It is by no means clear that Iran will reengineer its entire foreign policy to avoid financial and trade sanctions. It’s important to understand that the motive for decertifying Iran is not because Iran is violating the JCPOA — for the most part, it is sticking to the agreement. Instead, the argument is that Iran’s overall foreign policy behaviour is aggressive and dangerous for the Middle East. It sponsors Hezbollah and other terrorist groups. It is trying to politically dominate Iraq and Syria and turn them into puppet states. It threatens the region’s only democracy (Israel) and the United States’ Arab allies. It continues to develop and test sophisticated missiles and other conventional weapons. Tehran’s overall strategic policy goal is military and political pre-eminence in the Middle East and Persian Gulf. Iran’s neo-imperialist foreign policy is so intolerable to the United States that it would be worth risking a resumption of Iran’s nuclear activities if it means the United States can impose punishing trade and financial sanctions.
The problem is that the promise to cripple Iran with sanctions underlines the logic of Tehran’s imperialist foreign policy. The last 70 years have taught Iran’s policy makers some harsh lessons. From the Anglo-Soviet invasion of Iran in 1941 (despite Iran’s official neutrality), to the United States-backed overthrow of Prime Minister Mohammad Mosaddegh in 1953 (which ushered in 25 years of autocratic rule by Shah Mohammad Reza Pahlavi), to Iraq’s invasion of southeastern Iran in 1979 (a war in which Iraqi forces used chemical weapons on Iranian troops while the world remained silent), the twentieth century taught today’s Iranian leaders that it is better to be strong than weak.
This is not to defend Iran’s foreign policy. Far from it. Iran is visiting upon Iraq, Syria and other parts of the Middle East that which foreign powers imposed on it: foreign interference in domestic affairs. However, an all-out effort by the United States to cripple the Iranian economy and thus precipitate regime change bolsters Iranian conservatives who argue that the world is a hostile place and the United States an implacable and untrustworthy foe. It is easier for Iranian hawks to make the policy case that it is worth suffering economic deprivation to acquire a nuclear arsenal — which could then guarantee Iran’s physical security and aid in its quest to dominate its near-abroad — so long as it appears that a foreign power plans to visit economic ruin on the country when it is not building nuclear arms. Iran pursues its foreign policy out of self-interest. Since Iranian national security policy makers see political and military pre-eminence in the Middle East as a sure way to preserve their regime and to prevent the humiliations and disasters of the twentieth century, we have to question whether they would automatically give up those efforts to avoid another round of economic warfare with the United States. The conclusion that Tehran would obviously not risk economic pain for dominance in Iraq, Syria and beyond is far from unassailable.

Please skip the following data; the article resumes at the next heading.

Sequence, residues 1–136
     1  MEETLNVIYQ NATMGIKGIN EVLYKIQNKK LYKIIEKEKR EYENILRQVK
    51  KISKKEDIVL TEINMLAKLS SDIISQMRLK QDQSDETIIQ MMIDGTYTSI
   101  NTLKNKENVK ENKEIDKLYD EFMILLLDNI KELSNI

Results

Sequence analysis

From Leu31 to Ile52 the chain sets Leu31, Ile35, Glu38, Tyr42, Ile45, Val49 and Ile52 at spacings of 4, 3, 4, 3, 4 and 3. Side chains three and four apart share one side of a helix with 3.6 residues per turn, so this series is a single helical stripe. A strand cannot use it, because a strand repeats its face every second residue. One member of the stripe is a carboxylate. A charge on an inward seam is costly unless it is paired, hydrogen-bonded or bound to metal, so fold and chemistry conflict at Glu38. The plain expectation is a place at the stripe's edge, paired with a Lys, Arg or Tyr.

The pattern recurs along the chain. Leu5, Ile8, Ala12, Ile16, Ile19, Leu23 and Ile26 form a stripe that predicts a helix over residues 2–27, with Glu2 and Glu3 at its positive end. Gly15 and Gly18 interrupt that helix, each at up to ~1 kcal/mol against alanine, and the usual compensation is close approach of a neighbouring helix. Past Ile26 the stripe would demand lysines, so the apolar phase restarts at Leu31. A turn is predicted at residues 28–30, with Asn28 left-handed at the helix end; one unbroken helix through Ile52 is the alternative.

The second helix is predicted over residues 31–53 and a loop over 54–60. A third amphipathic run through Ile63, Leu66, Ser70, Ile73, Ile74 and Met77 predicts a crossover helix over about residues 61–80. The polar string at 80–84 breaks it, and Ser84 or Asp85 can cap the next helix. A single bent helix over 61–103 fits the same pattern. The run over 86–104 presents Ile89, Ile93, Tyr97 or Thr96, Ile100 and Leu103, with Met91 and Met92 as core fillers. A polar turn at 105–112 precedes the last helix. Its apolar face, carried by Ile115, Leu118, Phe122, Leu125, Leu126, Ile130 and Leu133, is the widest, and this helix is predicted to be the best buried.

Is the White House’s Threat Credible?
The second element of the plan is the assumption that the JCPOA would be simple to rewrite or that crippling trade and financial sanctions can be easily reimposed (and enforced) on Iran; in other words, that the threat is credible. Again, we should seriously question this assumption. One memorandum, which allegedly has been circulated within the White House and on Capitol Hill, asserts that the notion that the pre-2016 global sanctions regime was the result of long-term diplomatic efforts by the United States is a “myth.” Instead, according to the memorandum, once the US Congress imposed sanctions, the world complied. According to this logic, implementing and then effectively enforcing regime-crippling sanctions will be a simple task, as no firm or country will risk access to the US banking system so that they can trade with Iran.
Will the rest of the world jump if the US Congress snaps its fingers? Proponents of decertification certainly have some facts on their side here. The US dollar is still the world’s reserve currency, and access to the US banking system is crucial for companies that import to (or export from) the United States, and is useful for firms that do business in US dollars (many commodities are priced around the world in US dollars).
There are a couple of reasons to temper that optimism, though. While Iranian exports are not at the levels they were before the global sanctions coalition came together in 2010–2012, they have begun to recover. Even US aerospace giant Boeing has entered the Iranian market, inking deals to sell US$20 billion worth of civilian aircraft to Iranian airlines. Governments and firms will be more resistant to cutting commercial ties now that they’ve been resumed (Figure 1).